Data from the Unicef showed that there are about three to six million Filipino children left behind as parents pursue work abroad.
The figure of affected Filipino children casts a huge shadow when compared with Indonesia’s one million and Thailand’s half a million.
The absence of parents, Tobin noted, creates “displacement, disruptions and changes in care-giving arrangement.” Such effects are more felt when it is the mother who works abroad, as families go through more adjustments, than when it is the father who goes to work abroad.
This is because men do not easily take up care-giving when they assume the role of the mother, Tobin said, citing studies.
Generally, children have a different level of acceptance in a situation where a parent works abroad. Young children view migration as a form of “abandonment,” while for adolescents, the acceptance could either be “receptive or resentful.”
While working overseas promises more income and better educational opportunities for children left behind, such is mostly a mirage for most migrant workers.
Tobin cited studies where it was found that “there is not much improvement in the lives of the families, the money being sent is just enough or sometimes hardly meet the demands and needs of the families left behind.”
Tobin added: “They are also vulnerable to economic shocks, especially related to the country’s economic and political situation.”
On the other hand, the social costs of labor migration cannot be denied, impacting severely on children, psychologically and physically.
While children feel the economic benefits of parents working abroad, various studies however show that children “do not recognize this as a form of care.” Thus, children of migrants are less socially adjusted.
Those with absent mother “tend to be more angry, confused, pathetic and more afraid than other children, Tobin pointed out, citing the study conducted by Migrante-Anak Pamilya Foundation. The same study said that “the absence of the mother could be the most disruptive in the life of the children.”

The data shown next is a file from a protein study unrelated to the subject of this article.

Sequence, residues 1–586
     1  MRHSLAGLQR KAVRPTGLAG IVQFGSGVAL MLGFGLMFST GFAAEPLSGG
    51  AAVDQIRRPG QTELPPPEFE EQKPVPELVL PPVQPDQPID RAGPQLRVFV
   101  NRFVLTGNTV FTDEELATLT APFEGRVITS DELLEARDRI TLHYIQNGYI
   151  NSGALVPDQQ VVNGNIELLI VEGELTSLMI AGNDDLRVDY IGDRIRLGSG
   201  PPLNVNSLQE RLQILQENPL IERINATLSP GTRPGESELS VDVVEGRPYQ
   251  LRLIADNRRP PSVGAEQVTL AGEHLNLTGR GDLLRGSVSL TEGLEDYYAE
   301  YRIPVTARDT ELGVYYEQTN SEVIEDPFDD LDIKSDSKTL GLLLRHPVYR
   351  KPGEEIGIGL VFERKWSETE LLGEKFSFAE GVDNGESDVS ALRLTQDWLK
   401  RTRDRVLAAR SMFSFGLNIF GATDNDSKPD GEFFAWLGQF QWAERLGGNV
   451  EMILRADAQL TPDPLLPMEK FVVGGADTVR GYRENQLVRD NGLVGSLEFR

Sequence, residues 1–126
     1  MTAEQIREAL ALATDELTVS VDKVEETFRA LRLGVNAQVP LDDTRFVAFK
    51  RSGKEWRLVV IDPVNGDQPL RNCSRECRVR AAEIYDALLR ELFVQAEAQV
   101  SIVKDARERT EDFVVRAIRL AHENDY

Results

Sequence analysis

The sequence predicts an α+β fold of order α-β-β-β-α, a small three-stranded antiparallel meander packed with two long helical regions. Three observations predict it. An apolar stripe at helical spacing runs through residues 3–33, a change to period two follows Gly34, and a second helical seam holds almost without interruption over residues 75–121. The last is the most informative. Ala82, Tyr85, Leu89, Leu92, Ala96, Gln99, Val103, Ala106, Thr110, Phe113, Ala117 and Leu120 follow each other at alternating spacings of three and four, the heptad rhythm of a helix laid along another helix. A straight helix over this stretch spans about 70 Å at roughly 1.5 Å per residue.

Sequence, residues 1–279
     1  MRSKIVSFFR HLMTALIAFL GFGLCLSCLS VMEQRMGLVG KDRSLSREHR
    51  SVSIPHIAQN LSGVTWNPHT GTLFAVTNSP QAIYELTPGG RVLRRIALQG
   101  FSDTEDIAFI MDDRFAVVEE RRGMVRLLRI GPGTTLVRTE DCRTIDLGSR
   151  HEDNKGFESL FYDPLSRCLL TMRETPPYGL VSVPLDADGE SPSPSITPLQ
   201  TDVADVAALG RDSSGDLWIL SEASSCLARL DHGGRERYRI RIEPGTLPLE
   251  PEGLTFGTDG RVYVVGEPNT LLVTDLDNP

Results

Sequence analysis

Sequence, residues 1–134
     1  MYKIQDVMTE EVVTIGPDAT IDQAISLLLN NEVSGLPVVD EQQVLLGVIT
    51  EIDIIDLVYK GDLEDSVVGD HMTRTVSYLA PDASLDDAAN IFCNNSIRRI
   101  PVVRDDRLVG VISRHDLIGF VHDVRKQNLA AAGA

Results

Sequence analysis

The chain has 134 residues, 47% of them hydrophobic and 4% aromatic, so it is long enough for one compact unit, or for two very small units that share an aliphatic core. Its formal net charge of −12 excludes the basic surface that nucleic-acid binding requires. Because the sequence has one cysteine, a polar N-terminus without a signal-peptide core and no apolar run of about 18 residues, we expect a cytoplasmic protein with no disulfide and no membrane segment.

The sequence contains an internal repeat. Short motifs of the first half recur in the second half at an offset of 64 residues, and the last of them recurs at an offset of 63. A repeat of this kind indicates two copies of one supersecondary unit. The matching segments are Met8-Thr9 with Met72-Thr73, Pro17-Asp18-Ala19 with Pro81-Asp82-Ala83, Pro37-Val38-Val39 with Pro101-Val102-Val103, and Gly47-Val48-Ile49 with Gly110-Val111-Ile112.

The feeling of neglect and abandonment is most felt by the eldest daughter who assumes the mother’s role in the family as the father struggles to take the mother’s role.
“This immense responsibility in turn affects their performance in schools,” Tobin said, quoting a study. “It becomes a burden to the girls in the family.”
Labor migration of parents also skews the values of children as they view it only in terms of “money equivalent.” With no proper guidance from the parents, the regular remittances lead to materialistic attitude of children.
Children of migrants are also vulnerable to abuse and violence with the parent’s absence.
Apart from rethinking the labor migration policy, Tobin recommended that government review its programs for migrant workers, noting that most are geared toward economic assistance. Only few programs target the children and these are also only on short term basis.
One area where government can actively intervene in promoting the interests of overseas workers and their family is to tap remittances to finance programs and projects geared towards the children, Tobin said, adopting the recommendation of one study commissioned by the Unicef. As of December 2007, remittances have reached $14 billion.
“The prevailing separation of one or both parents from their children definitely goes against the interest of the children. It is therefore imperative to determine how these remittances are utilized to find ways to increase the positive effect of remittances on these rights and promote their best use,” Tobin said.